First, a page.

In a Cochrane review, Amatya and colleagues (2013) evaluated the effectiveness of various non-pharmacological interventions for the treatment of spasticity in adults with MS. A literature search was performed using the Specialised Register of the Cochrane Multiple Sclerosis and Rare Diseases of the Central Nervous System Review Group on using the Cochrane MS Group Trials Register which among other sources, contained CENTRAL, Medline, EMBASE, CINAHL, LILACS, PEDRO in June 2012. Manual searching in the relevant journals and screening of the reference lists of identified studies and reviews were carried out. Abstracts published in proceedings of conferences were also scrutinized. Randomized controlled trials (RCTs) that reported non- pharmacological intervention/s for treatment of spasticity in adults with MS and compared them with some form of control intervention (such as sham/placebo interventions or lower level or different types of intervention, minimal intervention, waiting list controls or no treatment; interventions given in different settings), were included. Three review authors independently selected the studies, extracted data and assessed the methodological quality of the studies using the Grades of Recommendation, Assessment, Development and Evaluation (GRADE) tool for best-evidence synthesis. A meta-analysis was not possible due to methodological, clinical and statistical heterogeneity of included studies. A total of 9 RCTs (n = 341 participants, 301 included in analyses) investigated various types and intensities of non-pharmacological interventions for treating spasticity in adults with MS. These interventions included: physical activity programs (such as physiotherapy, structured exercise program, sports climbing); TMS (Intermittent Theta Burst Stimulation (iTBS), rTMS); electromagnetic therapy (pulsed electromagnetic therapy; magnetic pulsing device), transcutaneous electrical nerve Stimulation (TENS); and WBV). All studies scored “low” on the methodological quality assessment implying high-risk of bias. There is “low level” evidence for physical activity programs used in isolation or in combination with other interventions (pharmacological or non-pharmacological), and for repetitive magnetic stimulation (iTBS/rTMS) with or without adjuvant exercise therapy in improving spasticity in adults with MS. No evidence of benefit exists to support the use of TENS, sports climbing and vibration therapy for treating spasticity in this population. The authors concluded that there is “low level” evidence for non-pharmacological interventions such as physical activities given in conjunction with other interventions, and for magnetic stimulation and electromagnetic therapies for beneficial effects on spasticity outcomes in people with MS. They noted that a wide range of non-pharmacological interventions are used for the treatment of spasticity in MS, but more robust trials are needed to build evidence about these interventions.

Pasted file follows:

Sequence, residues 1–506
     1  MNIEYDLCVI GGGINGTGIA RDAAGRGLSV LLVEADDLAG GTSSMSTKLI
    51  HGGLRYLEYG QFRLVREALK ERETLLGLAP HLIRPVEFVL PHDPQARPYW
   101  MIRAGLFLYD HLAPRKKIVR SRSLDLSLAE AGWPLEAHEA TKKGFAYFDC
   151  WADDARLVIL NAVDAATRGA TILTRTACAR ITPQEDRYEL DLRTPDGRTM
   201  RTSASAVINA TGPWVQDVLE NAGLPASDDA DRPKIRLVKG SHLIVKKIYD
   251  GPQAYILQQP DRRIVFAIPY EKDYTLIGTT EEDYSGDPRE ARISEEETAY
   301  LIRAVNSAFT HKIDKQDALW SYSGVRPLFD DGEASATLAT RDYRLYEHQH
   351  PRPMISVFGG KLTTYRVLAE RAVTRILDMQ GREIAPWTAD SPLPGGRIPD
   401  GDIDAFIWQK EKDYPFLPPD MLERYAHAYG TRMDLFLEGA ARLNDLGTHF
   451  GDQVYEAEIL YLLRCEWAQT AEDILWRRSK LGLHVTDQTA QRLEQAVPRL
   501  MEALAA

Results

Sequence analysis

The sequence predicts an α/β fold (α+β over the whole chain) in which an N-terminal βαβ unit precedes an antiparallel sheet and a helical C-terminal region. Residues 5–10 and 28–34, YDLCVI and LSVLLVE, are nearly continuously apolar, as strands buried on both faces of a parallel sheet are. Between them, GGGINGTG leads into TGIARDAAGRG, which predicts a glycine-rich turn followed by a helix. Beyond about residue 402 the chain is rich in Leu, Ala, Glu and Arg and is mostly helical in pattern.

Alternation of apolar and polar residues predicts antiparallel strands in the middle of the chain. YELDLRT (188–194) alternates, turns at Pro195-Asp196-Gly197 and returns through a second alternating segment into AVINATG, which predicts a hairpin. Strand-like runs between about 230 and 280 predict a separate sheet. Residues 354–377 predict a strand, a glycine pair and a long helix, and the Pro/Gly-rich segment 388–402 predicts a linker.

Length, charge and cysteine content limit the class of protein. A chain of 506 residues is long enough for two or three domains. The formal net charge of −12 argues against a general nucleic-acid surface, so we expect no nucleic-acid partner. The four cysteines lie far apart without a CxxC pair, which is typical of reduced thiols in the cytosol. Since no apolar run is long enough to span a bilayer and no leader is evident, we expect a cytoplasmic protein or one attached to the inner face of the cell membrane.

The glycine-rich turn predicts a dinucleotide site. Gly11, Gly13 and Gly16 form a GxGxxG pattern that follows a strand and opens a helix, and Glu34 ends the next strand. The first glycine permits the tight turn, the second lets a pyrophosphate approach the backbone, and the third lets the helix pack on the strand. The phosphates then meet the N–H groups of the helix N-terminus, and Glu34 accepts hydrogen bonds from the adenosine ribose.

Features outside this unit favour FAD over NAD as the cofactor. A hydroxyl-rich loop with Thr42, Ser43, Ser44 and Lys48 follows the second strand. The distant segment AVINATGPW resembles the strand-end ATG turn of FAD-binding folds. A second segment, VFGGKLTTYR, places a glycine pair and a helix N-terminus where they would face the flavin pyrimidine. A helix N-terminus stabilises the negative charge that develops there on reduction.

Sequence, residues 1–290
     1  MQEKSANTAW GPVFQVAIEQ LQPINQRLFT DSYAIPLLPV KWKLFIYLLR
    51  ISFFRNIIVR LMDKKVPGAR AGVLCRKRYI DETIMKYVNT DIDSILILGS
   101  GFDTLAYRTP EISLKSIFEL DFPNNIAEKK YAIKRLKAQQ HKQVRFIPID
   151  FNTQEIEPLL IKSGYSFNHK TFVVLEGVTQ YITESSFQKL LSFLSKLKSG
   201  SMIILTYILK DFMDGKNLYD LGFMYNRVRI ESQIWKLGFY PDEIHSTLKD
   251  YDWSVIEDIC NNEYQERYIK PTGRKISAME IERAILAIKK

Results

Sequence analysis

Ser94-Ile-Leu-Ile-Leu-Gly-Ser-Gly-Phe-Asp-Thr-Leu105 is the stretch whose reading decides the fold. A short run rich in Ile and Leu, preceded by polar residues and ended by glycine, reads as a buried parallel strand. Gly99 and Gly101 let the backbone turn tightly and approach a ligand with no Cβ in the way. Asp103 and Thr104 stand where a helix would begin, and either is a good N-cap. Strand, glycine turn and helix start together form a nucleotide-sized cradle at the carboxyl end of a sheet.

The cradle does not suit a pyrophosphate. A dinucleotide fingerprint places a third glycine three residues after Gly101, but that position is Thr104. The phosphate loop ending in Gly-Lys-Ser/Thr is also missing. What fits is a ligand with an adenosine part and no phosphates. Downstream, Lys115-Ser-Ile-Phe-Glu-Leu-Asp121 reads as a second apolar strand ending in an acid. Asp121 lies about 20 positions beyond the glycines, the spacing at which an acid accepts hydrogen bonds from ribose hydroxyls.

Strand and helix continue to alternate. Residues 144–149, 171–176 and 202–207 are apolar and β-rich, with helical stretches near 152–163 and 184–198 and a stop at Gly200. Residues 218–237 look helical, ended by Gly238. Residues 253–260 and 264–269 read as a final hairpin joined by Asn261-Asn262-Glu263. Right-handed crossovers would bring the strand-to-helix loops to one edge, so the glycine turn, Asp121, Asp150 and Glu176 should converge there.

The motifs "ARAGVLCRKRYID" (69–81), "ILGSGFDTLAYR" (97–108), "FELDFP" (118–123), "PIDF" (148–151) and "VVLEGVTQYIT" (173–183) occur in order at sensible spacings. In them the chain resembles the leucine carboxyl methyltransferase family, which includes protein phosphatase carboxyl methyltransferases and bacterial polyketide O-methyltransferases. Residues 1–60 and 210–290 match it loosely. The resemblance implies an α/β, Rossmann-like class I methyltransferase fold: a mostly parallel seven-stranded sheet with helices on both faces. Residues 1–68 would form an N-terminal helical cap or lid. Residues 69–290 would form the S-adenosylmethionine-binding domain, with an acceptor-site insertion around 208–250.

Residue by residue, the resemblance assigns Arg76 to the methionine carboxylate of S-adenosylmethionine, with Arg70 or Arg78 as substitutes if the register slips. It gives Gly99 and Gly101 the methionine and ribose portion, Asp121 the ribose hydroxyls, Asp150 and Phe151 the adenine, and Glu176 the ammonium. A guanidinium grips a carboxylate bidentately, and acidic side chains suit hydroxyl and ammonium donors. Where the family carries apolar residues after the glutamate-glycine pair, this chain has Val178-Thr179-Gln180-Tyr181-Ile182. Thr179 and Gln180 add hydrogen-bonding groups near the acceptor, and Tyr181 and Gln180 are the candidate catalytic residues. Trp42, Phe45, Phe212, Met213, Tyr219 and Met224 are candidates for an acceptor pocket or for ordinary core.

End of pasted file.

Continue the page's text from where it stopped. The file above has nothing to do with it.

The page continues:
In a mono-centric, randomized, double-blind, sham-controlled trial, Krewer et al (2014) investigated short-term and long-term effects of repetitive peripheral magnetic stimulation (rpMS) on spasticity and motor. Patients (n = 66) with severe hemiparesis and mild-to-moderate spasticity resulting from a stroke or a traumatic brain injury. The average time ± SD since injury for the intervention groups was 26 ± 71 weeks or 37 ± 82 weeks. Subjects received rpMS for 20 minutes or sham stimulation with subsequent occupational therapy for 20 minutes, 2 times a day, over a 2-week period. Main outcome measures included Modified Tardieu Scale and Fugl-Meyer Assessment (arm score), assessed before therapy, at the end of the 2-week treatment period, and 2 weeks after study treatment. Additionally, the Tardieu Scale was assessed after the first and before the third therapy session to determine any short-term effects. Spasticity (Tardieu greater than 0) was present in 83 % of wrist flexors, 62 % of elbow flexors, 44 % of elbow extensors, and 10 % of wrist extensors. Compared with the sham stimulation group, the rpMS group showed short-term effects on spasticity for wrist flexors (p = 0.048), and long-term effects for elbow extensors (p < 0.045). Arm motor function (rpMS group: median 5 [4 to 27]; sham group: median 4 [4 to 9]) did not significantly change over the study period in either group, whereas rpMS had a positive effect on sensory function. The authors concluded that therapy with rpMS increases sensory function in patients with severe limb paresis. The magnetic stimulation, however, has limited effect on spasticity and no effect on motor function.